## Hamming Code Optimization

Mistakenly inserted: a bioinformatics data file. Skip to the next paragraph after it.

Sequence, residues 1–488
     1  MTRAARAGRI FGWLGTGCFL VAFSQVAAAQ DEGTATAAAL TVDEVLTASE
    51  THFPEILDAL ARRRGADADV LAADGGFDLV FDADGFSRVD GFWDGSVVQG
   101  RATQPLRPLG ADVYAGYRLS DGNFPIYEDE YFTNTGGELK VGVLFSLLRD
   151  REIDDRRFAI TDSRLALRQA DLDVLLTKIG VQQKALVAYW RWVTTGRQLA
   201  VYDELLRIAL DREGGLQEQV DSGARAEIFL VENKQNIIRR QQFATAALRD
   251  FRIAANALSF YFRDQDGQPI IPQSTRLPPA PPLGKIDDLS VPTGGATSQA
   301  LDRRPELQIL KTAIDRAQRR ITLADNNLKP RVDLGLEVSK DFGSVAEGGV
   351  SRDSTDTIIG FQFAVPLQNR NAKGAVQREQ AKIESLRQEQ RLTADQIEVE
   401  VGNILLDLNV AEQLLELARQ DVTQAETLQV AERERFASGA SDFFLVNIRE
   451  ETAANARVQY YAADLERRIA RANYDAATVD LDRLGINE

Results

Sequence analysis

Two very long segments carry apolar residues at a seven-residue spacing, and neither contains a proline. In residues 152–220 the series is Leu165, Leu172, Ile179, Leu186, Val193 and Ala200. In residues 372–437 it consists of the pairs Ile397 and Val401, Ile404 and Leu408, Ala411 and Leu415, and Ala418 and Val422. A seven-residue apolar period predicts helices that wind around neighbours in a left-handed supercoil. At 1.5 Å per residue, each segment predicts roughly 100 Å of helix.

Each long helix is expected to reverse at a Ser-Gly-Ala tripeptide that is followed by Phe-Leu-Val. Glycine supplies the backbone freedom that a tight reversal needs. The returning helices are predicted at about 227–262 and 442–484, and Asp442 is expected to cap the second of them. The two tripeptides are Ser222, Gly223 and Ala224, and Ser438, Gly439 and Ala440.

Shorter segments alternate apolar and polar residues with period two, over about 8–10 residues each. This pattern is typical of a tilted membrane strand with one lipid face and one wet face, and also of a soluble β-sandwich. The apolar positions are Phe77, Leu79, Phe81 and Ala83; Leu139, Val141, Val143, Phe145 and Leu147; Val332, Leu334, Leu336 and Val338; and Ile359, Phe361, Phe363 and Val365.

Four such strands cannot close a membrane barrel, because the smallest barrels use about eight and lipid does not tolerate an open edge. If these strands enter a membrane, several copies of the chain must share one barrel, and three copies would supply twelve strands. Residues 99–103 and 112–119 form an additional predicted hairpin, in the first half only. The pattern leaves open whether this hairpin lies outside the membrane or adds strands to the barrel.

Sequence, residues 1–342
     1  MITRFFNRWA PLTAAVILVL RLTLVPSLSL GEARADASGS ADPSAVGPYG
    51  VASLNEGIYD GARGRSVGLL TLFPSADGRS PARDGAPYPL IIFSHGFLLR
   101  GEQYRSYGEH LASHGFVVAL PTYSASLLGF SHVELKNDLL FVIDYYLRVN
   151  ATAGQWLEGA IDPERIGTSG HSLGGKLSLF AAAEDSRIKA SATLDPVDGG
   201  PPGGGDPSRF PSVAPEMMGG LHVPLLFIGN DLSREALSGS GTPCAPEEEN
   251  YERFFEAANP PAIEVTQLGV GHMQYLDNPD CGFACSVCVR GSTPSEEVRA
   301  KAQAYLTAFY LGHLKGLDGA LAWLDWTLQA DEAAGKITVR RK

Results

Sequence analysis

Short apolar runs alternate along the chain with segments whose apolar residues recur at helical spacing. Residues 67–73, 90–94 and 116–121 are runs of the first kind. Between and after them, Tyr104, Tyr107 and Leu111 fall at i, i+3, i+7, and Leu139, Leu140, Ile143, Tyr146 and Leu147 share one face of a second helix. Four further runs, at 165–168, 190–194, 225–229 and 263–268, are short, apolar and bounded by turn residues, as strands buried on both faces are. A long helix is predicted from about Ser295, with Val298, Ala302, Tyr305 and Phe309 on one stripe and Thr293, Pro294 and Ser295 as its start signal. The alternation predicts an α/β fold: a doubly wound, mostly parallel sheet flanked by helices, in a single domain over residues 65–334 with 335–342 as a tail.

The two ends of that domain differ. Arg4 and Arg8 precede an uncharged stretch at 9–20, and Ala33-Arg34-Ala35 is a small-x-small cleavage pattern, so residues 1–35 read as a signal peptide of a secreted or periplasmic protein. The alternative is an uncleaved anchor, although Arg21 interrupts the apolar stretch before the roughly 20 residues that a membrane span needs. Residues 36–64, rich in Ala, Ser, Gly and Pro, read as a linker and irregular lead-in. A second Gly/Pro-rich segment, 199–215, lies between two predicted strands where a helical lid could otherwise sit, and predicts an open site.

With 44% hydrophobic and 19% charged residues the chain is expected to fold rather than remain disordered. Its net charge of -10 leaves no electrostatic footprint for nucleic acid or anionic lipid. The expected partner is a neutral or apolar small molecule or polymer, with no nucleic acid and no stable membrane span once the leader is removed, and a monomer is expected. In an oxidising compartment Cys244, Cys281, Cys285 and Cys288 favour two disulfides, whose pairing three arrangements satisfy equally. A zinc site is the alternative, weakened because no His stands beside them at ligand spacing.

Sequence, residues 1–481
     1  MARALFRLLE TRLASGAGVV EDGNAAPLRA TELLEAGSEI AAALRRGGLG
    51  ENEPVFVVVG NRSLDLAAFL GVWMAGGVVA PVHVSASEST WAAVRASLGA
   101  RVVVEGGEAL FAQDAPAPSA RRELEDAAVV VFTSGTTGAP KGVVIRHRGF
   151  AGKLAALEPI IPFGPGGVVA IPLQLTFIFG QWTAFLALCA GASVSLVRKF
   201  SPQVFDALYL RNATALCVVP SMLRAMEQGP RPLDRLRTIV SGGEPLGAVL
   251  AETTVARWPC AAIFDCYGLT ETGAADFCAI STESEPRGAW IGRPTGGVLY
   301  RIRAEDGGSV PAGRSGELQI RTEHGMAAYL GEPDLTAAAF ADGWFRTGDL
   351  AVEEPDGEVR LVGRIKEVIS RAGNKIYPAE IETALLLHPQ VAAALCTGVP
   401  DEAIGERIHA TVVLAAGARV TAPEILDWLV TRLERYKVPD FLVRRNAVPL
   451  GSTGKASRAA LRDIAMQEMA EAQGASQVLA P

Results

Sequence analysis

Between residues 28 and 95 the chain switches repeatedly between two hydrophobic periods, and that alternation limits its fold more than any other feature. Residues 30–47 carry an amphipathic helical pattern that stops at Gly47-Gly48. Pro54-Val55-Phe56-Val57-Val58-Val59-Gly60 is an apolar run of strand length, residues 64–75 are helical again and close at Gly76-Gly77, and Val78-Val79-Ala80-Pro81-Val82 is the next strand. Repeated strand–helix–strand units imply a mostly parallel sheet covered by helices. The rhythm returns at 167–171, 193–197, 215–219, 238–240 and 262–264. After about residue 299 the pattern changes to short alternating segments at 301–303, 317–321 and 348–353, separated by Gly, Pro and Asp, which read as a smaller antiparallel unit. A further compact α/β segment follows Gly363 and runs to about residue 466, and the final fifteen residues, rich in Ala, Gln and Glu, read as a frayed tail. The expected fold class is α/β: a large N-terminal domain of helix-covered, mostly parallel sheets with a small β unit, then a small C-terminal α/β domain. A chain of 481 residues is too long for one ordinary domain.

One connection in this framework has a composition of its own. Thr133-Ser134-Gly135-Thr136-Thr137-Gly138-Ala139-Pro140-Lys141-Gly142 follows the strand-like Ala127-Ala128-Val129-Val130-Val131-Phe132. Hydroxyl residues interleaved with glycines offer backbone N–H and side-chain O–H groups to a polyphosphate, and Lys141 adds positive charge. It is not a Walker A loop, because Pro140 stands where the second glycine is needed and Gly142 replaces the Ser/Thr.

From Joel.Becker@oracle.com Mon Jun 19 00:35:27 2006 Date: Mon, 19 Jun 2006 00:35:27 -0700 From: Joel Becker <Joel.Becker@oracle.com> To: martin.petersen@oracle.com, mark.fasheh@oracle.com, zach.brown@oracle.com Subject: A tale of optimization Message-ID: <20060619073527.GM29684@ca-server1.us.oracle.com> MIME-Version: 1.0 Content-Type: text/plain; charset=us-ascii Content-Disposition: inline X-Burt-Line: Trees are cool. X-Red-Smith: Ninety feet between bases is perhaps as close as man has ever come to perfection. User-Agent: Mutt/1.5.11 Status: RO Content-Length: 5229 Lines: 108 [Ed note: I just realized I've typed out a long boring story. It may or may not be interesting, though it will help anyone trying to optimize this more to understand where I've been. Feel free to ignore if silly optimization results are boring when they take three pages.] Folks, Here's a fun story of optimization (as a fun story, you can feel free to ignore it for a while if you are busy :-). I was cooking up a Hamming Code algorithm for ECC in OCFS2. With Hamming Code parity, we can correct single-bit errors in 16bits of parity for a 4K block (less parity for smaller blocks). The standard method to calculate the parity is with matrix math. This quickly generates the code block (an interleaved bitstream of parity and data bits). However, the matrix has dimensions [total bits x data bits]. So, for our 4K blocksize, that's [32768 x 32784]. We can't do that in memory, not nicely :-) Lots of googling later, I understood enough to implement it mathematically. Details of the algorithm are handwaved here. The big problem is that parity is based on the offset in the code bitsream, not the data bitstream. In the code bitstream, all power-of-two bits are parity bits. Bits 1, 2, 4, ... are parity bits. The data bits are interleaved. So in the code bitstream, data bit 1 is code bit 3 (skipping past code bits 1 and 2, which are for parity). Any time you want to work on a bit, you have to know its code bitstream offset. Here's my original algorithm, the simple cut. I call it the "for" algoritm, for obvious reasons. In all the examples, 'i' is the data bit offset, 'b' is the code bit offset. I'm going to use 1-based arrays because that's what Hamming code uses. total_bits = total_data_bits + total_parity_bits; for (i = 1, b = 1; i < total_bits; i++, b++) while (is_power_of_two(b)) b++ if (test_bit(i)) for (j = 1; j < total_parity_bits; j++) if (b affects j) j ^= 1; I'm going to handwave right now how we determine whether bit b affects each parity bit, but it relies on b's number in the _code_ space, so we have to have that is_power_of_two() check. To sum up, the for loop runs through _every_bit_ and calls test_bit() on it. If the bit is set, it loops through each parity bit. That's a lot of looping. This naive implementation is slow. Surprise! My test program fills a blocksize buffer from /dev/urandom and runs N encodes. I have the same program do crc32 and similar. 10000 loops of a naive crc32 (the kernel's un-optimized fallback code) on my laptop take 0.300s. 10000 loops of zlib's optimized crc32 takes 0.030s. 10000 loops of our parity encode take 6s! The naive crc32 is an order of magnitude better! I wanted to find a way to move forward more than one bit at a time. Many algorithms (smarter crc32s, for example) work on words or larger chunks. But each bit affects different parity bits, so I'm not yet sure how to calculate more than one bit's parity in a single operation. I did realize that we skip 0 bits. Why can't we skip them faster? Instead of using the for loop to compute b's offset, I concocted a function that would take i and return b for any bit. I then changed the loop to use find_next_set. Let's call this the 'ffs' algorithm (handwaving around 1-based arrays): for (i = 1; (i = ocfs2_find_next_bit_set(data, total_bits, i)) < total_bits; i++) b = calc_code_bit(i); for (j = 1; j < total_parity_bits; j++) if (b affects j) j ^= 1; Here's the fun part. I figured that by skipping zero bits, we'd get some speedup. When I ran it, it was SLOWER! What? It ran 7s instead of 6s. So I profiled it. The 'for' algorithm's second biggest time consumer was ocfs2_test_bit(), with ~8m calls taking up 7s of profiled (slower) run time. The 'ffs' algorithm's ocfs2_find_next_bit_set() took 8s of profiled time with ~4m calls. Our naive ffs is *slow*. This is where I was when I started the email. I thought it was a fun outcome. But since then I've had some thoughts and success on the topic. This lead me to two conclusions. First, a fast find_next_bit(), like the kernel has in ASM, will be much faster. Second, half of our test_bits were returning true (4m ffs calls vs 8m test_bits). Of course they are, I'm using /dev/urandom. A real inode will have a ton of zeros, especially if it isn't fragmented. I changed the test buffer. It still reads from /dev/urandom, but then it zeros the tail of the inode, where it will likely be empty. The 'for' algorithm speeds up, as it has fewer loops through the parity checks, running about 2.5s. But the 'ffs' algorithm really shines. 1.3s for it's run of 10000. Assembly based ffs in-kernel will speed it up some more, but after that we'll have to do some tricks on the parity loop. I'm willing to call the code acceptible for now. Please, if anyone has more optimization ideas, have at. :-) Joel -- "Here's something to think about: How come you never see a headline like ``Psychic Wins Lottery''?" - Jay Leno Joel Becker Principal Software Developer Oracle E-mail: joel.becker@oracle.com Phone: (650) 506-8127